Eva Wu, Gabrielle Foss and Patrick Hickey (from left to right) in Kangiqsujuaq.

Gabrielle Foss won’t slow down. She’s a second-year Health Sciences student, co-founder of a non-profit organization and now — with help from her dad — the distributor of a documentary highlighting how photography has helped youth in an Inuit community.

Northern Lights

The film follows Foss, fellow Western student Patrick Hickey and McGill student Eva Wu last February during a week-long trip to Kangiqsujuaq in northern Quebec. There, the group ran workshops for teens that paired mental wellness education with photography to help them address being among a demographic with suicide rates 11 times the national average and among the highest in the world.

“We called it Northern Lights because mental illnesses like depression can feel like darkness, and what we want to do with this program is bring some light into the lives of students who live in the North,” Gabrielle said.

Foss’ father, former photojournalist Eric Foss, shot and edited the 16-minute documentary, which includes both English and Inuktitut versions.

Return to the North

The group behind Northern Lights developed into North in Focus, the non-profit group made up of Gabrielle, Hickey, Wu and recently Mount Alison University student, Ashley Cummings.

Last time, Northern Lights was partly funded by Western through grants from the Social Science Student Council and Faculty of Health Sciences. This October, thanks to a grant from Newfoundland and Labrador’s Nunatsiavut government, North in Focus is heading to Nain, the northernmost Inuit settlement on Labrador.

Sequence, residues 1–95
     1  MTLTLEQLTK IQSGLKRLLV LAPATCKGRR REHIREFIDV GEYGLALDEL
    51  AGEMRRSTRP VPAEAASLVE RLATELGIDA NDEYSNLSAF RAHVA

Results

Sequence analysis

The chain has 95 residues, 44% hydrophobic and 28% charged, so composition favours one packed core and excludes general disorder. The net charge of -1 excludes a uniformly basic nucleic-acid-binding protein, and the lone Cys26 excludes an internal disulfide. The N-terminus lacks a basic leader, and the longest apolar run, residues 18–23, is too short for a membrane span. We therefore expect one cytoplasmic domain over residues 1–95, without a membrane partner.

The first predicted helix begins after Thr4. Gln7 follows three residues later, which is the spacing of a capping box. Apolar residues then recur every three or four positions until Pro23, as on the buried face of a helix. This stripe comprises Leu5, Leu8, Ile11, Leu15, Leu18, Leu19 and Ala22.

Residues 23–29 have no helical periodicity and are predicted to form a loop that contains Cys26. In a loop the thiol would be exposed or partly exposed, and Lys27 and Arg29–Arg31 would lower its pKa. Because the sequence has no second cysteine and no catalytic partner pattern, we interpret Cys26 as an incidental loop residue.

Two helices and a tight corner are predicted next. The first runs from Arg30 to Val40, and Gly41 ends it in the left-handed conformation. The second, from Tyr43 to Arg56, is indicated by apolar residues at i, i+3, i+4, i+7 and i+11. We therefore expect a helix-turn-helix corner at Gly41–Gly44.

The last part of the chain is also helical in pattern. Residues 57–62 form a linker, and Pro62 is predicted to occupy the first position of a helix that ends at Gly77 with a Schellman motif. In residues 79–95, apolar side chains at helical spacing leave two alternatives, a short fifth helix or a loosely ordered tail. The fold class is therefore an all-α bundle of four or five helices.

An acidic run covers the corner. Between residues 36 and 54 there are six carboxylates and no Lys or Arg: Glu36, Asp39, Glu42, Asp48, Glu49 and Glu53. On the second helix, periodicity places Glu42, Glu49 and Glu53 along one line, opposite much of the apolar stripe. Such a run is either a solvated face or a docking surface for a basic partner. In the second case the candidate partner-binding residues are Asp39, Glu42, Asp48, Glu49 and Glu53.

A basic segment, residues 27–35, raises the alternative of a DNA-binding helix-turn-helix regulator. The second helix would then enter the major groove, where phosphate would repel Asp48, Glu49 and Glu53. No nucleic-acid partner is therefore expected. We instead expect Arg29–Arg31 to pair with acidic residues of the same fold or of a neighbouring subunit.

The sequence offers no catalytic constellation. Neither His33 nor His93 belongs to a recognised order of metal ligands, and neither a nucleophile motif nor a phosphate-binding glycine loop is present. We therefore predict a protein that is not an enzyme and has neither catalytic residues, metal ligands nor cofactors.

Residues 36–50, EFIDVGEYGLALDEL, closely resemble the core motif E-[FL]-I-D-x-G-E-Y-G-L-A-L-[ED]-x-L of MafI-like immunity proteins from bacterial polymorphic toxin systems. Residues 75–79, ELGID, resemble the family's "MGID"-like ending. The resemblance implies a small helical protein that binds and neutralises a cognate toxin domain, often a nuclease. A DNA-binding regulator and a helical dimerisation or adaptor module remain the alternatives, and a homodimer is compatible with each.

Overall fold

“We want to focus the workshop on the students’ ability to share their emotions and be able to respond to other people when they express their emotions,” Gabrielle said, adding the group will focus on the theme of emotional competency in Nain. 

In addition to photography, Gabrielle and her colleagues will also be incorporating more sports and traditional Inuit games as workshop exercises.

“Inuit games were created was to help people get through the long winters, so that’s a way people used to cope, stay mentally well and also to build strength for hunting,” she said. 

Eric Foss will also be staying home in the spirit of an organization that’s exclusively youth driven. This time around, Gabrielle and Wu will act as videographers.

“Every community has its own history and its own slightly different culture," Gabrielle said. "The benefits of the workshops is that they can be tailored to the needs of individual communities.”



Amy is editor-in-chief of the Gazette and a Faculty of Information and Media Studies graduate. She started working at the Gazette in February 2014. Want to give her a story tip or feedback? Email editor@westerngazette.ca

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